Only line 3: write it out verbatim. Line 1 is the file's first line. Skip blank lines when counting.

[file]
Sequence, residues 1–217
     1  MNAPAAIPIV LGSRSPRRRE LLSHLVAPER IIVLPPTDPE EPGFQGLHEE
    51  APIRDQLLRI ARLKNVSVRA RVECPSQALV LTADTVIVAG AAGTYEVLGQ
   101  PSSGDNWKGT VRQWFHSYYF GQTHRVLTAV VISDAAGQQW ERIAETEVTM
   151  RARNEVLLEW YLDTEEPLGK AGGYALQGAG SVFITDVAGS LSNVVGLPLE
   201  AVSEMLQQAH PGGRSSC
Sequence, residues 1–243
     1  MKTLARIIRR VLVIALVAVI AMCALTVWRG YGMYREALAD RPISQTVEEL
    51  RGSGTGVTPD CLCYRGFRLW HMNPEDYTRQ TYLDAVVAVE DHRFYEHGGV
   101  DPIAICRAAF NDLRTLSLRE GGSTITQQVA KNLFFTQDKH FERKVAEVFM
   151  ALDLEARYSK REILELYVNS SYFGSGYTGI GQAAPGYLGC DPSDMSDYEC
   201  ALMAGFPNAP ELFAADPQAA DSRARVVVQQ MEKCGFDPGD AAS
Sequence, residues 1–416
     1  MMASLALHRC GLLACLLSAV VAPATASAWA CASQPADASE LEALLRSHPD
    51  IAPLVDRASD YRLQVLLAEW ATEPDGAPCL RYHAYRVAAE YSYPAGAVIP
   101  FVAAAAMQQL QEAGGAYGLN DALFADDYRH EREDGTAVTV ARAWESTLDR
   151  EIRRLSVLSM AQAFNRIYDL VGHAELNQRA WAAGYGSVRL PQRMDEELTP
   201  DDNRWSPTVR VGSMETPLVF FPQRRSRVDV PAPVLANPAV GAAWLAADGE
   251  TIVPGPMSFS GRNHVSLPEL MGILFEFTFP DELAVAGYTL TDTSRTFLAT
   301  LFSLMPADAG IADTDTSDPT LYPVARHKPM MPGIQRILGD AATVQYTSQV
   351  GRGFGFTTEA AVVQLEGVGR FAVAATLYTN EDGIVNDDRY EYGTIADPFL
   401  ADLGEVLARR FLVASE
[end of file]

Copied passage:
    51  APIRDQLLRI ARLKNVSVRA RVECPSQALV LTADTVIVAG AAGTYEVLGQ